The number of Keralites migrating to North America, Europe, and other developed areas across the world for jobs and better standards of living is now at an alarming high.
However, Mollywood actor Joy Mathew has a different kind of advice for the younger generation of the state.
He asked them to look for the plum post of the chairperson of the Kerala State Youth Commission (KSYC) and initiate steps to achieve that target.
Known for Facebook posts containing enormous sarcasm directed at the state’s political leadership, Joy also advised students who spent a lot of money and time on extracurricular activities to gain grace marks to make up for the losses in qualifying examinations to end that practice to look for the KSYC chairperson post.
Joy and the thousands of youngsters who praised his viral post have a common target: Chintha Jerome, a young and energetic face among the leaders of Kerala’s ruling CPI(M), and the current chairperson of the KSYC.
She has been heading the KSYC since 2016, when her political mentor Pinarayi Vijayan occupied the post of Kerala Chief Minister for the first time.
In the initial years, the post with Cabinet rank had no remuneration.
According to Chintha, she was keener on the welfare of the state’s youths than the financial returns, and the state government honoured her magnanimity by paying a consolidated ₹50,000 per month as an honorarium.
On the other hand, the Congress-led UDF in the Opposition in Kerala claimed the honorarium was decided when Oommen Chandy was chief minister, and the then UDF government constituted the commission with RV Rajesh as chairperson.
However, over the years, the responsibilities on Chintha have increased manifold inside the commission, and she started feeling that the honorarium was very meagre compared to the services she rendered.
In recent weeks, Chintha has given repeated recommendations to the state government to give her a considerable salary in place of an honorarium, with retrospective effect.
The representation through Youth Affairs Minister PA Mohamed Riyas won instant approval from the Cabinet.
Still, the government order hangs in the balance due to harsh criticism from social media users like Joy Mathew.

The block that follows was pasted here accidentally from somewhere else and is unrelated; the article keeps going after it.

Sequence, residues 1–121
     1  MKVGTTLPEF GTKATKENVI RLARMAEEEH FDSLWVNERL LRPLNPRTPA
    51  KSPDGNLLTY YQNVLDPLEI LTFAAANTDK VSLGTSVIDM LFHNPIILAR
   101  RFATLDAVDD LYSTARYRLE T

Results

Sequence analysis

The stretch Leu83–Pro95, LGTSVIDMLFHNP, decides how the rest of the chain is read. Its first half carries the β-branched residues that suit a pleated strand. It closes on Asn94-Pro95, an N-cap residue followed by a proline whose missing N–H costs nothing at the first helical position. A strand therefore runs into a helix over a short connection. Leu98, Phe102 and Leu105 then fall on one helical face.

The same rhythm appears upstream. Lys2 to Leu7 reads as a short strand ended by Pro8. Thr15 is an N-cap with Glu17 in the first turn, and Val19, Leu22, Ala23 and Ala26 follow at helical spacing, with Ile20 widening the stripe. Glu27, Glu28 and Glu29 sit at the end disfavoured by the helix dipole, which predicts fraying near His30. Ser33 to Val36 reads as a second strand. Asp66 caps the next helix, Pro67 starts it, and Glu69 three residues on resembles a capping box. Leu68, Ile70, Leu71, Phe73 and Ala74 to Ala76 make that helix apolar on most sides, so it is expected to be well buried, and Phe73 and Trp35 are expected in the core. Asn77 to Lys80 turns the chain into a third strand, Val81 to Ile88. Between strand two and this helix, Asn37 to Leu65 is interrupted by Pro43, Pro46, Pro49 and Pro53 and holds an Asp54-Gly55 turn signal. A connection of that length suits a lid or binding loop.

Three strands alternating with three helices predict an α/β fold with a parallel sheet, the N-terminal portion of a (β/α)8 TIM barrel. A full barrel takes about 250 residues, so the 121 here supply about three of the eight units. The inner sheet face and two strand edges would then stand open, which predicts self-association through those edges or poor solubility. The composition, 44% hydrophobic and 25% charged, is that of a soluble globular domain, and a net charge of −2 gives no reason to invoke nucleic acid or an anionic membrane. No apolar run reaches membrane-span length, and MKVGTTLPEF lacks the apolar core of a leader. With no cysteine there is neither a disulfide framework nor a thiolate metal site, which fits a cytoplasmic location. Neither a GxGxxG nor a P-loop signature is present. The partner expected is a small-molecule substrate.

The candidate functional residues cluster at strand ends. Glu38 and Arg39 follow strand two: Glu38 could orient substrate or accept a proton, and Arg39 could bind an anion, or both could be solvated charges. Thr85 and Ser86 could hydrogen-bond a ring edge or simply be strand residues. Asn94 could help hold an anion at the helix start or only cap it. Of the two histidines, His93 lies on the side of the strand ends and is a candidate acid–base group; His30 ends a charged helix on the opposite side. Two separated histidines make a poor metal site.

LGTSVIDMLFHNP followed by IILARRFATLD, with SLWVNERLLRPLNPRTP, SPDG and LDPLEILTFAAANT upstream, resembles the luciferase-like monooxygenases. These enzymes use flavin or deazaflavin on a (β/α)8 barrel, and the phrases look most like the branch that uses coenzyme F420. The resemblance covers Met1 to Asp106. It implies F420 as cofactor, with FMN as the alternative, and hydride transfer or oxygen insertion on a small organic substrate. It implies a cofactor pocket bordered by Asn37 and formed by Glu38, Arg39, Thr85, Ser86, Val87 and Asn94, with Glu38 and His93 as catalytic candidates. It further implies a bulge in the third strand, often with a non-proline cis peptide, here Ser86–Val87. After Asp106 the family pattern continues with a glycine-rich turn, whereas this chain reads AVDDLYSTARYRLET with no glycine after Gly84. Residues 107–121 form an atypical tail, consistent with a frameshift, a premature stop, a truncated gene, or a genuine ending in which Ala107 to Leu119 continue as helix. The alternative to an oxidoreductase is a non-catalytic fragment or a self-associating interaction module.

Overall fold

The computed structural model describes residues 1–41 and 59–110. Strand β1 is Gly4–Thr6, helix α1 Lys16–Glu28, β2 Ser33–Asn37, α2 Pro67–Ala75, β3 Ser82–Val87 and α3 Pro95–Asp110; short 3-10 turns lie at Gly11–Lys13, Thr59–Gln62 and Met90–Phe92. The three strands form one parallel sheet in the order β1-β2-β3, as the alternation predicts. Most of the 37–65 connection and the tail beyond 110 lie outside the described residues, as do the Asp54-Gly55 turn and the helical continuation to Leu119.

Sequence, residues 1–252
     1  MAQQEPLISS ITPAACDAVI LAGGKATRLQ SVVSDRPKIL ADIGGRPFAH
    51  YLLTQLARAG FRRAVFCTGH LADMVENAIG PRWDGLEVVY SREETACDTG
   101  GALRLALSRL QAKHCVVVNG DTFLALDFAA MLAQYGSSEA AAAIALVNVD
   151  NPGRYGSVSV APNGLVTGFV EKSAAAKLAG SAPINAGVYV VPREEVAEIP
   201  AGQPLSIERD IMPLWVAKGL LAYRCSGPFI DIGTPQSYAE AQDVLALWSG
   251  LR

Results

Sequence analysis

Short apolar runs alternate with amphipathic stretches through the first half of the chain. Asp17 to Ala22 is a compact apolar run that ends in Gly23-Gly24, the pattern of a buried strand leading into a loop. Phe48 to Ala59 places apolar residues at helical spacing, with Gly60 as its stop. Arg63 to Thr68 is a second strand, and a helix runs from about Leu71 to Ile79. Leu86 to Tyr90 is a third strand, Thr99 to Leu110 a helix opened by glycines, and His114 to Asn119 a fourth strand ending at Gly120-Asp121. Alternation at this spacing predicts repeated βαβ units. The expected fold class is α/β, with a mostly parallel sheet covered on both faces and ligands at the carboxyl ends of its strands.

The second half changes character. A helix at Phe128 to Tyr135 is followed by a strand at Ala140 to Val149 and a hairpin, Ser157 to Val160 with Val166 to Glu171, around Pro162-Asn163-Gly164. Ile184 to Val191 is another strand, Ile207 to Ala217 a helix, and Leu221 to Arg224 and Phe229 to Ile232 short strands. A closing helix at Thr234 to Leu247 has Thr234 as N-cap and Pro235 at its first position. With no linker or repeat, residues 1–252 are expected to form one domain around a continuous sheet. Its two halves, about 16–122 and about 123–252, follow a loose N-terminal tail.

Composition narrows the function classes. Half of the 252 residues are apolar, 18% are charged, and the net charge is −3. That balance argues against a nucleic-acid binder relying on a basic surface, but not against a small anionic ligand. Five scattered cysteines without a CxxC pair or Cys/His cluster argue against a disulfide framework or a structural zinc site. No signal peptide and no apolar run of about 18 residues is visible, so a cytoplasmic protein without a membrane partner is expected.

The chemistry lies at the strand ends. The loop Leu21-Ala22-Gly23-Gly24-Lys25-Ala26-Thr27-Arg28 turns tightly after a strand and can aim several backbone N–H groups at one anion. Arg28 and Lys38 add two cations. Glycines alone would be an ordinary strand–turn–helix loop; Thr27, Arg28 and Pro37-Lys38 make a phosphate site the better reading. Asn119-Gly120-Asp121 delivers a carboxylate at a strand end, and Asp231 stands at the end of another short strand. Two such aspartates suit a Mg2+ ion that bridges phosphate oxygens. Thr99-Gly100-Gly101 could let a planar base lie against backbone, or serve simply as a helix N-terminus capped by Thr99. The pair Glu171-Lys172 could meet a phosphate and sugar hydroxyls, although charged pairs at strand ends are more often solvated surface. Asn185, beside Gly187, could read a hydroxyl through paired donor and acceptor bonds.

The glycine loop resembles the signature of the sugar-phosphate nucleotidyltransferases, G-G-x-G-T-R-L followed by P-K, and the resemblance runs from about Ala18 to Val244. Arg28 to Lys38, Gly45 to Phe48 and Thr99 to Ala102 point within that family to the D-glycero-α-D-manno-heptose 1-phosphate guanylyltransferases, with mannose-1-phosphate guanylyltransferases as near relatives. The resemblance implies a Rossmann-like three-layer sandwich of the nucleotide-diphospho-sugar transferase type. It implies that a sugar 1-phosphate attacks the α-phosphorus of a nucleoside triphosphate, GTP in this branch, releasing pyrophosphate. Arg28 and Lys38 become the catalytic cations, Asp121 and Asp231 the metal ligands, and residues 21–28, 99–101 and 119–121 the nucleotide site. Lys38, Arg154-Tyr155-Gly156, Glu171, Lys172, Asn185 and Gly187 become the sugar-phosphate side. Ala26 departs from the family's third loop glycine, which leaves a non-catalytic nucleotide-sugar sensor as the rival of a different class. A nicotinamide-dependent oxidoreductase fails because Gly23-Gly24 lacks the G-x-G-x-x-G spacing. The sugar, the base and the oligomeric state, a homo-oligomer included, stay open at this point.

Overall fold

Social media users have accused Chintha of getting almost a 100 percent hike in salary, apart from ensuring a retrospective effect. Salary arrears estimated at ₹8 lakh would be reimbursed to her once the order gets promulgated.
There is also information that she would get ₹32 lakh as perks and other benefits with a retrospective effect.
With Opposition leader VD Satheesan and BJP state president K Surendran taking up the issue as a classic example of blatant misuse of public money at a time when the state was passing through its worst-ever financial crisis, Chintha and the state government are now becoming defensive.
Chintha now claims that she had been drawing a ₹1-lakh salary since 2018, and there was no awarding of pending benefits worth ₹32 lakh.
“If I get such a huge amount, I will contribute it to the chief minister’s relief fund,” she asserted.
What the detractors say
However, political opponents term it the latest example of high-level corruption and nepotism practised by the CPI(M)-controlled Left Democratic Front (LDF) government.
They also accuse the government of mocking lakhs of unemployed youth in the state.
Interestingly, Finance Minister KN Balagopal is yet to respond on the issue, which is gaining large-scale political attention.
Riyas is also mum, while sources in the Finance Department confirm that the move was staunchly opposed by its officials, citing bad precedent and the poor financial position of the state.
Attacks against Chintha are getting more intense, with critics accusing her of misusing the position to gain foreign junkets and to divert huge sums from the state exchequer for personal gains.